After a two-year hiatus, the Dallas-based Harold’s apparel catalog is mailing once again.
The retailer relaunched the book in August, mailing 200,000 copies of a 32-page catalog to former catalog customers and retail customers. The catalog features approximately 100 items for men and women, ranging in price from $49.50 to $450. The best-selling item so far, says Harold’s CEO Clark Hinkley, is an $88 hooded women’s sweater.
Hinkley says that the new catalog differs significantly from its previous incarnation. For one thing, the page count is down substantially from the former book’s 60 pages. Another change, says Hinkley, is the company’s renewed focus on the 40-something market, from which it had strayed earlier by featuring shorter, tighter-fitting apparel. In fact, it was this deviation from the company’s key demographic — well-educated, affluent men and women in their 40s — that led Harold’s to shut the catalog and scale back its retail division in the wake of weaker profits.
Beginning in 2001, Harold’s reduced its number of stores from 52 to 39. The company closed stores outside of its southeastern target market area, including Phoenix and Tampa, FL, locations. Internally, Hinkley says the company improved its operational efficiency by reducing the number of people involved in merchandise selection from 56 to 34.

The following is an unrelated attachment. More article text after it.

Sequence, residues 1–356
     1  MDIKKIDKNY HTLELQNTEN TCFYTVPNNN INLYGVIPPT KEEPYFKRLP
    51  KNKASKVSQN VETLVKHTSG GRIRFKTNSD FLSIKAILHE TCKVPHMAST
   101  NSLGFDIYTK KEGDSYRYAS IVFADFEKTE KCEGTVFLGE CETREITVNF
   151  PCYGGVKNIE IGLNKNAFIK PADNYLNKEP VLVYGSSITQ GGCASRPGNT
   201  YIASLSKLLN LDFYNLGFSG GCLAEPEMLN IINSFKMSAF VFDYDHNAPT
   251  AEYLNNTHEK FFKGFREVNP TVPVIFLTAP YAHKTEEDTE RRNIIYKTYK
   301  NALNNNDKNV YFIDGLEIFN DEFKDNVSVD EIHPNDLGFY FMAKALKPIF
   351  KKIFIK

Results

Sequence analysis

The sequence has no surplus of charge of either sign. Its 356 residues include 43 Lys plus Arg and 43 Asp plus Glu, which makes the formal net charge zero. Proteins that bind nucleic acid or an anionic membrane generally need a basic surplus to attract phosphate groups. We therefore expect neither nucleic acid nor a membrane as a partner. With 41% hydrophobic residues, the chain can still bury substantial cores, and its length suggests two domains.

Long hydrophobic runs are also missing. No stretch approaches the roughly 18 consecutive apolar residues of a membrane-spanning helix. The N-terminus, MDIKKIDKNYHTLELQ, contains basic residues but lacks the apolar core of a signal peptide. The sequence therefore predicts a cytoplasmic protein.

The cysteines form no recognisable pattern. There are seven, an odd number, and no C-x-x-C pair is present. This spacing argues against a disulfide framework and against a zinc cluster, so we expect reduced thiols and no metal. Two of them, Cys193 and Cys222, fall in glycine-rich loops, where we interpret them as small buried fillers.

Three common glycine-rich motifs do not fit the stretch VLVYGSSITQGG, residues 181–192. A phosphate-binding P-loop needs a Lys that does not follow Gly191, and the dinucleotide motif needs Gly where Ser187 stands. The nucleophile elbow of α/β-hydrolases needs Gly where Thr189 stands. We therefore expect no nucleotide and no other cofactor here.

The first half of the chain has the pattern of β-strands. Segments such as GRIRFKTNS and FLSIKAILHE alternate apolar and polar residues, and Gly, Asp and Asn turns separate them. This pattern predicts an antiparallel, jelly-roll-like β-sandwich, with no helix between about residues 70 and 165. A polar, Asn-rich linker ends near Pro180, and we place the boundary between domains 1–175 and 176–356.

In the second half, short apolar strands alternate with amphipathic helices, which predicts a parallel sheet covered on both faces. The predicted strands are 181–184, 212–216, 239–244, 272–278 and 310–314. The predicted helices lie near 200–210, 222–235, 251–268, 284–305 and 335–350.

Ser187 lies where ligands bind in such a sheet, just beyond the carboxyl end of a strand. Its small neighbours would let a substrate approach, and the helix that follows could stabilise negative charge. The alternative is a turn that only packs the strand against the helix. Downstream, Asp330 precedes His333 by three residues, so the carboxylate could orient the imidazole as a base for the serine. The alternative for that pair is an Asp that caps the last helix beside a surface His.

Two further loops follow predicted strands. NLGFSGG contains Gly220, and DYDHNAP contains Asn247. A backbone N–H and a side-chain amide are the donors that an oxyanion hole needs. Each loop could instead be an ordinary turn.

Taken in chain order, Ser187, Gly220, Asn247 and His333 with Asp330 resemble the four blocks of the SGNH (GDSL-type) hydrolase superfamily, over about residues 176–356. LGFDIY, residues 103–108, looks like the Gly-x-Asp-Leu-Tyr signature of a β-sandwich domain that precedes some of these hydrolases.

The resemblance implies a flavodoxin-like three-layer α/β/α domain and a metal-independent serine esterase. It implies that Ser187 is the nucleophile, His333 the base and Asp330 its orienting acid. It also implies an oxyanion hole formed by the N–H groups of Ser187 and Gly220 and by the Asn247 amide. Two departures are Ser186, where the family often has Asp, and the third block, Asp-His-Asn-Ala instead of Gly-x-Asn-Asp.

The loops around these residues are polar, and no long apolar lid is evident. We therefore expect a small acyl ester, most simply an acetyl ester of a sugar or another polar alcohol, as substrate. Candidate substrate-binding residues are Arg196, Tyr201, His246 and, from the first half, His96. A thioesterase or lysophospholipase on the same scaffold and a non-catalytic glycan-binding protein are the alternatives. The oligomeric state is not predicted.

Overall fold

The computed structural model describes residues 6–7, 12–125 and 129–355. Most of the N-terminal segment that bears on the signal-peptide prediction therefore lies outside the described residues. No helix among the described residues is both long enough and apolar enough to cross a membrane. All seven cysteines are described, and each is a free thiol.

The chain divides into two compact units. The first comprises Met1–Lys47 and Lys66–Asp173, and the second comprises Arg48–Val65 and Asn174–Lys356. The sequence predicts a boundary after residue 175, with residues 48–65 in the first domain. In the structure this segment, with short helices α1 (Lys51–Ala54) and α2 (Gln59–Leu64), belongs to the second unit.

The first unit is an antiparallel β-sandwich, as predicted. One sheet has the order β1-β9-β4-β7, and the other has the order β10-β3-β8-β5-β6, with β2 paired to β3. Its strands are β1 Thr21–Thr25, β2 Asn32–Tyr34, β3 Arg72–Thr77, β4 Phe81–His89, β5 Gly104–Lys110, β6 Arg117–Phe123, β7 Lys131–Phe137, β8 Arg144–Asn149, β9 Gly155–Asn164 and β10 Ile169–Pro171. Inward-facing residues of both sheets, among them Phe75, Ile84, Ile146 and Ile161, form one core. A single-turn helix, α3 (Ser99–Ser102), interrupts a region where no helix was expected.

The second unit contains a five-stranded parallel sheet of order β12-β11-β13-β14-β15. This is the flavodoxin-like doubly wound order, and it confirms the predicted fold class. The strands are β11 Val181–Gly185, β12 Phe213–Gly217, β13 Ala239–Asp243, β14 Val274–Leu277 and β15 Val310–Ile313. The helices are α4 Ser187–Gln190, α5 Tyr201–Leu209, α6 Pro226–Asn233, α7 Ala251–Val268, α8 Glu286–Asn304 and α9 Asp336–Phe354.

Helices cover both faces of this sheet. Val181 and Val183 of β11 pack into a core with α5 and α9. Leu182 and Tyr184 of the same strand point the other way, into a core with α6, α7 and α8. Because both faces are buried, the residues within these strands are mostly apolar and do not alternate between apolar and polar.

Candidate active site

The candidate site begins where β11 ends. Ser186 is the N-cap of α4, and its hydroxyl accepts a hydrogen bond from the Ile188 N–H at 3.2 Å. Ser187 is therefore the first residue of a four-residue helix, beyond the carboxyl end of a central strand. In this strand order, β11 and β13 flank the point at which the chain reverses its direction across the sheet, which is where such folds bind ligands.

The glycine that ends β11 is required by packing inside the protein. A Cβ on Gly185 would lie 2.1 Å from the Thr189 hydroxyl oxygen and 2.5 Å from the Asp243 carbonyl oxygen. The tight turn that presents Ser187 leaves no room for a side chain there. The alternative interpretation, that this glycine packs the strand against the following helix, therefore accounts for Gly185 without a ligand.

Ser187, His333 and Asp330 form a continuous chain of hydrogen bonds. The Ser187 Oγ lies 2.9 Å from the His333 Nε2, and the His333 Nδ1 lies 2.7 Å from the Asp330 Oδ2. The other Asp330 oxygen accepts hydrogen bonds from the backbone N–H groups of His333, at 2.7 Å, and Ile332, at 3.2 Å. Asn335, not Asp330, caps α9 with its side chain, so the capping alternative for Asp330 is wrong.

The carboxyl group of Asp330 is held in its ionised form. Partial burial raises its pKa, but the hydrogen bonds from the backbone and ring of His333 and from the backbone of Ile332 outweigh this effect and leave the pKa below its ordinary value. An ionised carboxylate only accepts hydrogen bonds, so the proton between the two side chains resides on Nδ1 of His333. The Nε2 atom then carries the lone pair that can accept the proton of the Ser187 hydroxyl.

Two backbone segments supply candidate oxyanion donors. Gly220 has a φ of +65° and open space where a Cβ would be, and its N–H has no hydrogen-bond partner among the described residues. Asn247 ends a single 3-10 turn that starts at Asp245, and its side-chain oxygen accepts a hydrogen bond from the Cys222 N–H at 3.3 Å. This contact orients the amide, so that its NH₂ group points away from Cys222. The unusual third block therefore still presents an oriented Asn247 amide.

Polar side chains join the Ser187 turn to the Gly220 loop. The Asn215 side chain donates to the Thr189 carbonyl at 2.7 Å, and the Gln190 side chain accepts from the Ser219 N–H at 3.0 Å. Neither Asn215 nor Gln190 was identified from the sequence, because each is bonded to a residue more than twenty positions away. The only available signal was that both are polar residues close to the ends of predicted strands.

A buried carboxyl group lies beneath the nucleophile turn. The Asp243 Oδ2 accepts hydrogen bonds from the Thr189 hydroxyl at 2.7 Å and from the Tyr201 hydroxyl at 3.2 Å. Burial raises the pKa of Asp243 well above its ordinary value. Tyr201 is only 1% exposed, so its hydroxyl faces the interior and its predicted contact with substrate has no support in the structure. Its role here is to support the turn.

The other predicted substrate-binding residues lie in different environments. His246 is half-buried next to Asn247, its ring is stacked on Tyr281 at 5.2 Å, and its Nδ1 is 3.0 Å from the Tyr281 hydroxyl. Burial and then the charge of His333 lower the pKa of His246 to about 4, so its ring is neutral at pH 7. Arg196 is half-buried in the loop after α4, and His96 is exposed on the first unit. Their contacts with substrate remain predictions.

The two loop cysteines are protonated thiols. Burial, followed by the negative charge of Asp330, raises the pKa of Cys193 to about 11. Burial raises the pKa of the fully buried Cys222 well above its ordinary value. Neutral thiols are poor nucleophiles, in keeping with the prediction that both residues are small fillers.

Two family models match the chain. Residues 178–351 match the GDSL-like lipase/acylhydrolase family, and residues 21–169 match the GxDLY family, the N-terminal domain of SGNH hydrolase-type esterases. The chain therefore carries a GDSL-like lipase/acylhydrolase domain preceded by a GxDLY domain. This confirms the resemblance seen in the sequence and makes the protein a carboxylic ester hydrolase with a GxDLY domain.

These changes have made themselves known for the better in Harold’s profit margin. “We just finished our eighth consecutive month of comparable-store sale increases,” Hinkley says. “For a year to date, the business has been up in the low double digits.” For the first half of the year, the company lost $4.3 million, compared with the $6.9 million loss it posted for the first half of last year. “And if the losses associated with the store closings and an event to liquidate excess merchandise were excluded,” Hinkley adds, “the company loss was approximately $1.5 million for the first half of the year.”
Harold’s been mailing non-transactional traffic drivers during the two years the catalog suspended circulation, and it will continue to send them 10-12 times a year. The new catalog will mail every four weeks. There are no plans to aggressively grow the mailing list with a foray into prospecting, though there is an active sign-up campaign taking place at the company’s stores.
So far, Hinkley says, the catalog is meeting company expectations. And he emphasizes that Harold’s does not see the catalog as a stand-alone segment of the company’s business. One of the downfalls of the old catalog, he explains, was the attempt Harold’s made to transform it into a major division of the company. “Before, it was designed to be a catalog business division of the store, more of a growth catalog vehicle,” Hinkley notes. “This is a store-supported vehicle. It’s part of the total package for the customer.”